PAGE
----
Republican Attorney General JB Van Hollen said today that despite an ongoing legal dispute, a circuit court ruling invalidating Wisconsin's collective bargaining law did not apply statewide.
Van Hollen's remarks came in a written statement where he announced his office would not seek a stay from the Supreme Court of a ruling by Dane County Judge Juan Colas that overturned much of the law known as Act 10. Van Hollen said that is because an appeals court ruling this week denying a stay made it "very clear" the lower court ruling did not apply statewide. In an interview, Van Hollen offered his advice to municipalities and school boards grappling with these decisions.
"My advice is the same as it always was with even greater backing now and that would be comply with Act 10 until a court or unless a court of jurisdiction over your region or over your municipality or school district rules otherwise."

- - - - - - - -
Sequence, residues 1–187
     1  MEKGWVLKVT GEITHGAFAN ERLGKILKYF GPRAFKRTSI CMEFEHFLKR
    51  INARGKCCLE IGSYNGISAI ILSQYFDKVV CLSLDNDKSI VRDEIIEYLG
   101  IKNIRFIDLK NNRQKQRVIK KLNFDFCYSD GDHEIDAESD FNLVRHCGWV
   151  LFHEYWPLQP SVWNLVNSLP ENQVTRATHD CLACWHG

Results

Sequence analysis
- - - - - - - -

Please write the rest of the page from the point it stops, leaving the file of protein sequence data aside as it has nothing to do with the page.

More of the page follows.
But Attorney Lester Pines who brought the lawsuit on behalf of Madison teachers said there was nothing in the Appeals Court ruling to back up Van Hollen's claim.
"They knew very well very well that once a law is declared unconstitutional it's unconstitutional."
Pines said that because the Wisconsin Employment Relations Commission was a party to this lawsuit, the decision affected schools and municipalities statewide. Pines had his own advice for those Commissioners, who are charged with carrying out Act 10 and resolving disputes between government employers and employees.
"If the commissioners of the Wisconsin Employment Relations Commission try to give their own interpretation to Act 10 that is different than Judge Colas's, they will be back in court on a request to have them held in contempt. And they can take that to the bank."
The appeals court ruling from earlier this week did not address the merits of this lawsuit or rule on it either way. That will be the next step in the process.